Ashley Peace, president of Sauer Properties, said the group is in the midst of a master planning process for development of the rest of those properties, but she said they’ve been waiting to see what happens with the rezoning, which Peace voiced support for in a recent hearing before the Planning Commission.

“We have a lot more to do and a lot more that we can do, and we’ve just been waiting to see if the city was going to pass this rezoning initiative, because that really would give us the flexibility to develop a Class A mixed-use project there,” said Peace, who told the commission such development would include medium- to high-density uses including office and residential.

“We have the potential to develop almost a new neighborhood that a market like Richmond has never seen before, but which is very common in all other major markets — particularly throughout the Southeast,” she said. “We understand the importance of that, and that we get one shot and it has to be done very well.”

Describing the rezonings as more important for the city as a whole, Peace added, “Obviously we need economic development opportunities, and that stretch of Broad Street has been a planning corridor and a high priority with the Pulse rapid transit for many, many years. By happenstance, the majority of our property lies in that planning corridor.”

The City Council’s regular meeting starts at 6 p.m.

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charles Frankenhoff
charles Frankenhoff
11 months ago

As someone who lives nearby, and has property even closer, I haven’t really heard any neighborhood opposition to this. I’m sure the people quoted don’t like it, but the vast vast majority doesn’t really care what happens on the north of broad street, within reason.

And we’d vastly prefer tall, nice, development to the mess that’s there in many places.

Michael Dodson
Michael Dodson
11 months ago

City has been doing what it does best; keep public opinion and review at bay. Joint statement from several civic associations. Some even have supporters of the rezoning but the process smells. September 25, 2020 The failure to share public business correspondence when requested by citizens is an obstruction of the FOIA process. The City Council vote cannot fairly proceed on a critical vote proposed by the Planning Department while the Planning Department refuses timely delivery of public information in a formal FOIA request. The rezoning vote must be deferred. We all must ask: What are they hiding? Seven neighborhoods organizations… Read more »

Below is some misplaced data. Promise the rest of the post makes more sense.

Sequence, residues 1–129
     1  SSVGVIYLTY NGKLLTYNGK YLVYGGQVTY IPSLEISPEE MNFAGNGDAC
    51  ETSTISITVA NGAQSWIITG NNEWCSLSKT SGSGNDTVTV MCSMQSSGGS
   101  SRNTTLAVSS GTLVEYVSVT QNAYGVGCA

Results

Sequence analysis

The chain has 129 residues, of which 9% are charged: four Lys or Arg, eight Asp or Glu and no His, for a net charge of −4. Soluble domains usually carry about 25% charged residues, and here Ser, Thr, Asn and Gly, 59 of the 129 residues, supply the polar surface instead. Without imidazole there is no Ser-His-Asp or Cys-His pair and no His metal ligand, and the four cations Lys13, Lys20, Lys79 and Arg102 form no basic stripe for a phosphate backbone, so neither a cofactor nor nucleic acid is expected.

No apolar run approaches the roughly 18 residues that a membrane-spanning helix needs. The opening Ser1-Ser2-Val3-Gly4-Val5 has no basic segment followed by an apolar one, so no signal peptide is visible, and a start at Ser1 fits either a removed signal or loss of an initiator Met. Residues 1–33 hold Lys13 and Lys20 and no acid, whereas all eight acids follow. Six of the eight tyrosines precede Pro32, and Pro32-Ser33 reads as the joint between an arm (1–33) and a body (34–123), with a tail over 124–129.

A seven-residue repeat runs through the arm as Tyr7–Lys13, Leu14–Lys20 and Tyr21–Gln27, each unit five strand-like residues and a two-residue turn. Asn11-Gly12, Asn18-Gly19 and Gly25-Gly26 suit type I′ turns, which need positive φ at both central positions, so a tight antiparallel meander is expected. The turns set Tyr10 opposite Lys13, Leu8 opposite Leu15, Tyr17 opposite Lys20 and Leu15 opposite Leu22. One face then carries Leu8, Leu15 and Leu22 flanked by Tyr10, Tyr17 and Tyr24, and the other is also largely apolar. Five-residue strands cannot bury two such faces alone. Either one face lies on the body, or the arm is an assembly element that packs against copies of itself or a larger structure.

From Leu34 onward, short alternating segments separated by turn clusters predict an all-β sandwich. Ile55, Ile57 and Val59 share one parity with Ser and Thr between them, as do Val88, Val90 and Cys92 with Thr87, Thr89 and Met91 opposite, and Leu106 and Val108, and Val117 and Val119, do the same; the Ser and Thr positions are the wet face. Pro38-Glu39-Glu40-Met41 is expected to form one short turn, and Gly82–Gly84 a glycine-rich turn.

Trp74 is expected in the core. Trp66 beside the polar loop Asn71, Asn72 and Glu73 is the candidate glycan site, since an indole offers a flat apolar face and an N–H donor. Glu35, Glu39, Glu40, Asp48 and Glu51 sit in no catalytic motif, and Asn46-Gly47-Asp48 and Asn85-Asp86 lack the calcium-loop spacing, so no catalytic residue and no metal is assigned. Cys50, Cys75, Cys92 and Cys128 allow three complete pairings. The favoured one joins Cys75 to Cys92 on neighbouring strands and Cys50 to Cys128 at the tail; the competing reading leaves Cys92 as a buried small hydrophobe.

Ben Snider
Ben Snider
11 months ago


Melissa Savenko
Melissa Savenko
11 months ago

Hey Charles! Y’all may not have heard much about it because the Broad Street area north of you – Scotts Addition across from the Museum District – was already rezoned and is limited to 12 stories. That’s what we were told TOD1 meant, and that’s what we expected. 20+ story building height across from the Fan is absurd. All seven adjacent neighborhood associations – LITERALLY ALL 7 – object to the B4 zoning. As does the Fan Area Business Alliance. So I must respectfully disagree with your statement. I hope you are well.

charles Frankenhoff
charles Frankenhoff
11 months ago

Good to see your name! Is it 20 though? That’s the bit that’s unclear from everything. I’m not sure I even see a problem with 20, but I’m definitely happy to see 12 there. The lack of clarity could be improved on by the city, but I don’t see a conspiracy necessarily, just the usual city bumbling

David Humphrey
David Humphrey
11 months ago

What they really need to do is show what the view of buildings with those heights will be from different spots in the Fan to see if you can even see them. That may allay some of the fears that there will be buildings leaning over the area.